The onslaught of TV show adaptations of comic books continues. NBC's drama "Constantine" has cast former "Criminal Minds: Suspect Behavior" star Matt Ryan in the title role of John Constantine, a master of the occult who battles demons and can view the dark underworld parallel to reality.
With so many comic-book characters popping up on TV, it's easy to see them get watered down or lose touch with what they were originally about. While The CW's "Arrow" is a beloved show among its fans, it strays from the source material on a somewhat regular basis. For example, in "Green Arrow," Oliver Queen doesn't kill people. Stephen Amell's version can't really make that claim.
With that in mind, here are a few things that really need to be present in "Constantine" to keep it honest to its roots.
Constantine will fight demons on a weekly basis, which makes sense, but »
Odd List Ryan Lambie Simon Brew 20 Feb 2014 - 05:40
The unloved films of 2009 provide the focus in our final list of the 2000s' overlooked greats...
The year 2009 will partly be remembered as the year Avatar dominating the box office, with audiences flocking to see James Cameron's leafy pulp epic in shimmering 3D. Making almost $2.8bn worldwide, Avatar was a true behemoth, besting Cameron's own Titanic as the highest-grossing film of all time (not adjusted for inflation) and hastening a rush of 3D films in the years that followed.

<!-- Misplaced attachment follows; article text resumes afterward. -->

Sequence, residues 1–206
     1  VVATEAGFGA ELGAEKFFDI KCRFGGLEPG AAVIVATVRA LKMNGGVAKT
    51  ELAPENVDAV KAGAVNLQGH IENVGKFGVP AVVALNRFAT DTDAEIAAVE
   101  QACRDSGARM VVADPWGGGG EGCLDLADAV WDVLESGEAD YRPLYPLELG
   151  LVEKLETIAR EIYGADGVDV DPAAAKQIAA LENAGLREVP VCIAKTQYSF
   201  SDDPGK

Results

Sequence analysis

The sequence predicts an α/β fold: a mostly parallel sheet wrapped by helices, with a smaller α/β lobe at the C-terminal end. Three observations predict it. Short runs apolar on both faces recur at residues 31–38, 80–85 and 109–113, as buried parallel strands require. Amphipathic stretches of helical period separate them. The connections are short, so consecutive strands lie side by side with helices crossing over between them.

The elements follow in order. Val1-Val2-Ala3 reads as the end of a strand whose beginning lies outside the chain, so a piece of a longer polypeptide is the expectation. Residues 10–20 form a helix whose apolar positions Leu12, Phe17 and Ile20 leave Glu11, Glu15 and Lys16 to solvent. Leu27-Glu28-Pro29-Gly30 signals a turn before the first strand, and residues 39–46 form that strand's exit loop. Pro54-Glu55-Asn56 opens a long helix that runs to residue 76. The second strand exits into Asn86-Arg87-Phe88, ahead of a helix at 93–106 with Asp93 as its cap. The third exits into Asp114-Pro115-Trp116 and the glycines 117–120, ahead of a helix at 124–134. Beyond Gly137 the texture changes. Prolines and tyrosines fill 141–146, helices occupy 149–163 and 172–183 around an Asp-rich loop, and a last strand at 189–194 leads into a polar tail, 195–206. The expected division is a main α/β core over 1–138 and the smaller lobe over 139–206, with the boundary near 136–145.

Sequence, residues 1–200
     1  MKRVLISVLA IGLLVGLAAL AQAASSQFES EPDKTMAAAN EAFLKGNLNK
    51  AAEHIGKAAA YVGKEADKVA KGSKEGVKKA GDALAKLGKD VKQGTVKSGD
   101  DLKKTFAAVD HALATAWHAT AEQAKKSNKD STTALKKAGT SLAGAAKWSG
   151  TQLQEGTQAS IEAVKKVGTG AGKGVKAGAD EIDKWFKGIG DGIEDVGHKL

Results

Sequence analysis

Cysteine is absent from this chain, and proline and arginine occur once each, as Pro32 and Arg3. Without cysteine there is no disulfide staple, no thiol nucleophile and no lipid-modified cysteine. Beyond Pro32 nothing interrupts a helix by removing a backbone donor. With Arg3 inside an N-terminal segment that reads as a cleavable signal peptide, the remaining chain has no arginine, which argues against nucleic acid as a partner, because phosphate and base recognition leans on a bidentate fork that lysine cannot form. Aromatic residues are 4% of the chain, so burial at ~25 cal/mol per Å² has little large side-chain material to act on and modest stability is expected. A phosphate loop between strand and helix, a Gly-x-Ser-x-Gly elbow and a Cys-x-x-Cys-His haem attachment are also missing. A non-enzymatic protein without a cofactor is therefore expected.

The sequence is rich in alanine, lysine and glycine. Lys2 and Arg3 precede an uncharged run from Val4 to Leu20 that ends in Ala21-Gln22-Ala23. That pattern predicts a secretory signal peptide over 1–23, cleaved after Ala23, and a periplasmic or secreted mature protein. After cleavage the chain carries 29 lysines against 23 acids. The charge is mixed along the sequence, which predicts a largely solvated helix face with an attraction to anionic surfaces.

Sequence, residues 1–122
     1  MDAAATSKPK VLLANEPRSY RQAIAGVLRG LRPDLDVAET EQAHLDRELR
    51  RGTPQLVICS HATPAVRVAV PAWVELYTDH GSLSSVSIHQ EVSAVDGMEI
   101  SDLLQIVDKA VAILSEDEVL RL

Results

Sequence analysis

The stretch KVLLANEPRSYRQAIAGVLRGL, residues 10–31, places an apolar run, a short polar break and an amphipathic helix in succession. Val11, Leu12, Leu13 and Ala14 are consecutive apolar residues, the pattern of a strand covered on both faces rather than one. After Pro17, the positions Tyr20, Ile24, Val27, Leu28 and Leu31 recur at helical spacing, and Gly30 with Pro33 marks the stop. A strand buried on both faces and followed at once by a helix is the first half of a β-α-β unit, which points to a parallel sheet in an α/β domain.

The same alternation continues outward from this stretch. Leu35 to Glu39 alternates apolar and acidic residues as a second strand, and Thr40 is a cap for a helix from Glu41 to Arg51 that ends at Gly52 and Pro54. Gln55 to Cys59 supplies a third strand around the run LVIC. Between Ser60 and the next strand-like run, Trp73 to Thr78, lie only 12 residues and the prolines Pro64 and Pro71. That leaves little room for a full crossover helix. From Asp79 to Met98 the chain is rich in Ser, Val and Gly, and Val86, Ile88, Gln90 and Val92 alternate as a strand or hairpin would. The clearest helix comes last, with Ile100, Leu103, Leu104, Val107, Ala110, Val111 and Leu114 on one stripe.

Films such as 2012, Sherlock Holmes and boozy comedy The Hangover were also among the top 10, but as always, some of the most memorable and individual films of the year were far from the most financially successful. So to round off our series of underrated flicks of the 2000s, here's our selection of 2009's overlooked films...
A really good, »
Drafthouse Films has snapped up North American rights to Sundance winner "20,000 Days on Earth," visual artists Iain Forsyth and Jane Pollard's debut portrait of musician and cultural icon Nick Cave. The film is a blend of drama and documentary, capturing a fictional day in the life of Cave while also honing in on his artistic process. It recently had its world premiere at Sundance, where it was awarded both Best Director and Editing in the World Cinema section, and is getting its European premiere at the currently unspooling Berlin Film Festival. Cave and Warren Ellis wrote the original score for the film. Drafthouse is planning a 2014 theatrical release. »